Monday 23 April 2018

Any move to seek independence is 'doomed', China warns Taiwan

Chinese President Xi Jinping speaks at the National People’s Congress in Beijing yesterday. Photo: Reuters
Chinese President Xi Jinping speaks at the National People’s Congress in Beijing yesterday. Photo: Reuters

Jamie Fullerton

Chinese President Xi Jinping yesterday said he was ready for a "bloody battle" against opponents of his country's march towards global supremacy and warned that China would never be divided in a nationalistic speech to close this year's National People's Congress.

Mr Xi, who is set to rule China for life having scrapped presidential term limits, lauded his vision of the "rejuvenation of the Chinese nation".

He also sent strong warnings to Taiwan, the self-ruled island that the Communist Party of China (CPC) seeks to unify politically with the mainland, saying that any efforts made towards their independence would be "doomed".

He spoke in front of around 3,000 CPC delegates, who had dutifully and unanimously voted to give him a second term as president at the largely ceremonial event.

In the cavernous Great Hall next to Tiananmen Square in the Chinese capital, Mr Xi declared: "The Chinese people have been indomitable and persistent, we have the spirit of fighting the bloody battle against our enemies to the bitter end."

Mr Xi has declared a "new era" for China via "socialism with Chinese characteristics".

The government's aim, largely through increased military clout and technological advances, is to turn China into a top innovative country by 2035 and a "modern socialist nation" on par with the US by 2050.

It came as Donald Trump reportedly intends to introduce tariffs worth up to $60bn (€49bn) a year on products from China. The move would be a response to what the US has called intellectual property theft. The US president's officials had given him a plan for $30bn in tariffs but he ordered them to roughly double it, the 'Washington Post' reported.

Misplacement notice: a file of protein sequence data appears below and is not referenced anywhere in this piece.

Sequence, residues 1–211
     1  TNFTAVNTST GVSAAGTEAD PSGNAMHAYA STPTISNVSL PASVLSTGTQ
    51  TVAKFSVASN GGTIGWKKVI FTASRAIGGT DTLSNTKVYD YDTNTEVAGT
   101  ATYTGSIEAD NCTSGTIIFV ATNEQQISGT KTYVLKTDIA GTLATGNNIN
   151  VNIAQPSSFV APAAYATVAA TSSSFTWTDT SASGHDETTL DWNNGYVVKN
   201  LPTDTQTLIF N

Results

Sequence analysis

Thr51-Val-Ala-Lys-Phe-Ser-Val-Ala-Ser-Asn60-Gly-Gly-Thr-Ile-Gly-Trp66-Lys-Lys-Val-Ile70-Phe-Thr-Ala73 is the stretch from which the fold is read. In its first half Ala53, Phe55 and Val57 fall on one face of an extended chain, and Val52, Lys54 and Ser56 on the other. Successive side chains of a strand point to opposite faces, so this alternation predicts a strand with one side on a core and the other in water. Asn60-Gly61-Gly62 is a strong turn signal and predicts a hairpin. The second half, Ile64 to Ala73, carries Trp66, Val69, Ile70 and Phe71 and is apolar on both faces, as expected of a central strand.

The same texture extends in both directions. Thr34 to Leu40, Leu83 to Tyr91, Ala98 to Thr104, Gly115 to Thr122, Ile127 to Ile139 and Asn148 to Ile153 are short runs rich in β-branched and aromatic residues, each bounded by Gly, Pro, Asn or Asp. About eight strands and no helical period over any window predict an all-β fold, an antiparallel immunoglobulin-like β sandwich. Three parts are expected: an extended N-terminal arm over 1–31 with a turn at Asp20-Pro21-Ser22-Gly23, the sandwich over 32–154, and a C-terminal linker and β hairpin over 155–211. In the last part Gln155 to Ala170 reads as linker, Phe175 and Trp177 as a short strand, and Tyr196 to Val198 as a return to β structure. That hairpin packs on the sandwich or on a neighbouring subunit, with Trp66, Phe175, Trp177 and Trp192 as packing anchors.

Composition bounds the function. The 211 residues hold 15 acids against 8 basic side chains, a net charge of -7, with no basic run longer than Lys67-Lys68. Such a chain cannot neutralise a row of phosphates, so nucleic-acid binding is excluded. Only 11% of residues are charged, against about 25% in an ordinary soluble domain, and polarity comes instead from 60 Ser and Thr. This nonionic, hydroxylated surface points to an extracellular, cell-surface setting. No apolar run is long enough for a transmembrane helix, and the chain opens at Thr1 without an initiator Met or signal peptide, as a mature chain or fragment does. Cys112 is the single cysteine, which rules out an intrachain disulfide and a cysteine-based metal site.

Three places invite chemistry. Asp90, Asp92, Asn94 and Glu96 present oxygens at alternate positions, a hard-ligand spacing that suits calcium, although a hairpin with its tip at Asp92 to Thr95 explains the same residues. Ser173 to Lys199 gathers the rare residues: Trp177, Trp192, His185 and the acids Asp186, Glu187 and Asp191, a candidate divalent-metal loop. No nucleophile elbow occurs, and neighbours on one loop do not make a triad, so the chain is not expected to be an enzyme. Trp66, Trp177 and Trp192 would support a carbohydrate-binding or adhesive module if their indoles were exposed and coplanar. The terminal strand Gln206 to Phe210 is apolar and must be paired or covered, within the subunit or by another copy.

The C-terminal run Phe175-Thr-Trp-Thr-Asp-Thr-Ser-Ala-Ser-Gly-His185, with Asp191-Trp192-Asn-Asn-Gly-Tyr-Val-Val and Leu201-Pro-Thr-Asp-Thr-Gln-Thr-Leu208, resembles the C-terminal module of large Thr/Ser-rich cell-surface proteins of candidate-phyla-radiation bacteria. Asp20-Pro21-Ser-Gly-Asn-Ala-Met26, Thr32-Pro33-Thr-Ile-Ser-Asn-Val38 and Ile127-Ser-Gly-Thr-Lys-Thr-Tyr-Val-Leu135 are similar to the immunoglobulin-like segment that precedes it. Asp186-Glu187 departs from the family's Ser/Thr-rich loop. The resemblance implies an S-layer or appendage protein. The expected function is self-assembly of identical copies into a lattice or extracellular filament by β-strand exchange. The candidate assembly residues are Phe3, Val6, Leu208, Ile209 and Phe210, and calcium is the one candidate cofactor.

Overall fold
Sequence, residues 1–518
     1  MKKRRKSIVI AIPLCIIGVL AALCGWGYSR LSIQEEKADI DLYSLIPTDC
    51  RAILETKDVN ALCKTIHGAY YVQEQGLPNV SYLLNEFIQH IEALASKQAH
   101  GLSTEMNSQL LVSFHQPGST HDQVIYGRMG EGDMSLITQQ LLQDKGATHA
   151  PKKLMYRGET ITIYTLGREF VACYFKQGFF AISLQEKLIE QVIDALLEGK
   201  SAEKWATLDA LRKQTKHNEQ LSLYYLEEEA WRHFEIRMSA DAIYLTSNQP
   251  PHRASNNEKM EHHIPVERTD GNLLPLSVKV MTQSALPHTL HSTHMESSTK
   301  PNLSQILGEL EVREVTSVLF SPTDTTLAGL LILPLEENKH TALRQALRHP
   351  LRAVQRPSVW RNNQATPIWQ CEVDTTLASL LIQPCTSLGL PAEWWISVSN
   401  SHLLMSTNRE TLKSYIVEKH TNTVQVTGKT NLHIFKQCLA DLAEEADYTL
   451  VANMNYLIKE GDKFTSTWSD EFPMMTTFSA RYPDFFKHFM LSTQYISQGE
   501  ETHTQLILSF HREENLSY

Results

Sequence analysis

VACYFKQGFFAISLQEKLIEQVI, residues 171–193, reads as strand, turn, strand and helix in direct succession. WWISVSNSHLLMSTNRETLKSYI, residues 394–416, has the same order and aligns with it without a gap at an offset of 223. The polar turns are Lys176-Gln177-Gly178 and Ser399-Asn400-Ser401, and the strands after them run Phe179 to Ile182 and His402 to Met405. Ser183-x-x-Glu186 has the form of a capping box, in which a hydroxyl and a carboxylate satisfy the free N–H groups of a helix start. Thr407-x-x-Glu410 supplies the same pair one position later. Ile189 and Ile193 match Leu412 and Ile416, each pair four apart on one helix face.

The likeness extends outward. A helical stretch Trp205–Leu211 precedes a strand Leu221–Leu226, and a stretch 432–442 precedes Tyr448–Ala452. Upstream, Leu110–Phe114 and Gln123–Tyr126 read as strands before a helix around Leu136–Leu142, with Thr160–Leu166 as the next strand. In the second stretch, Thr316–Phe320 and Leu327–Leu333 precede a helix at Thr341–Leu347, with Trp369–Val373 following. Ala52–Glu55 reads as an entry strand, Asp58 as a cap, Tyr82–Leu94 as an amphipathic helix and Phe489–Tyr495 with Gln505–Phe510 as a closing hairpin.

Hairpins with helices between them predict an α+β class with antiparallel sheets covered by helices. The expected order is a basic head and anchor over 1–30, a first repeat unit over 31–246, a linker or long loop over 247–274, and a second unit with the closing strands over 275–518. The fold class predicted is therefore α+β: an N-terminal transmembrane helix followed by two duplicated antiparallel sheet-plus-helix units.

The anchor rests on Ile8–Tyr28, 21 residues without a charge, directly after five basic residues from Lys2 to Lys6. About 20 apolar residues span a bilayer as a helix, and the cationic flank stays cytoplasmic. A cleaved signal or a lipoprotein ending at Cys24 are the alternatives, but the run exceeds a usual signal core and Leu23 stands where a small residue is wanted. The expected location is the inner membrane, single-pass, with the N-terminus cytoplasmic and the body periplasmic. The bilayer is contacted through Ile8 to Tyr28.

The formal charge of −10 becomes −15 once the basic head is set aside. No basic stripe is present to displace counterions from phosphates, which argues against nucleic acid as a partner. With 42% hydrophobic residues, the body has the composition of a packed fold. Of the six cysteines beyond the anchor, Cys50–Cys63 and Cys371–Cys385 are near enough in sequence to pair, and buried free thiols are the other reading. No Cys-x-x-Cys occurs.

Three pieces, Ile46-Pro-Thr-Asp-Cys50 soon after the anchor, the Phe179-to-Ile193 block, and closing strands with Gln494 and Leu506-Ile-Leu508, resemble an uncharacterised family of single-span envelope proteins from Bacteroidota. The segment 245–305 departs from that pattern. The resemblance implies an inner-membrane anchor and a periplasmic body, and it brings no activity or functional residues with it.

That may include tariffs on more than 100 products made by China using information taken from the US. Chinese Premier Li Keqiang yesterday called on the US to not act "emotionally" and to avoid a trade war.

Despite his ambitions, Mr Xi said that China, which has been building military facilities in disputed territory in the South China Sea and has established military bases on recognised foreign soil since he became president in 2012, would not seek expansion.

"Only those who are accustomed to threatening others will see everyone as a threat," he said.

He underlined that seeking independence for any region Beijing considers part of China was a red-line issue. As state media TV cameras honed in on delegates from Taiwan, Mr Xi said: "All acts and tricks to separate the country are doomed to fail and will be condemned by the people and punished by history... the Chinese people share a common belief that it is never allowed and it is absolutely impossible to separate any inch of our great country's territory from China."

Many commentators on Chinese social media suggested that by pushing through the abolition of presidential term limits, the president has turned himself into an emperor-like figure.

© Daily Telegraph, London

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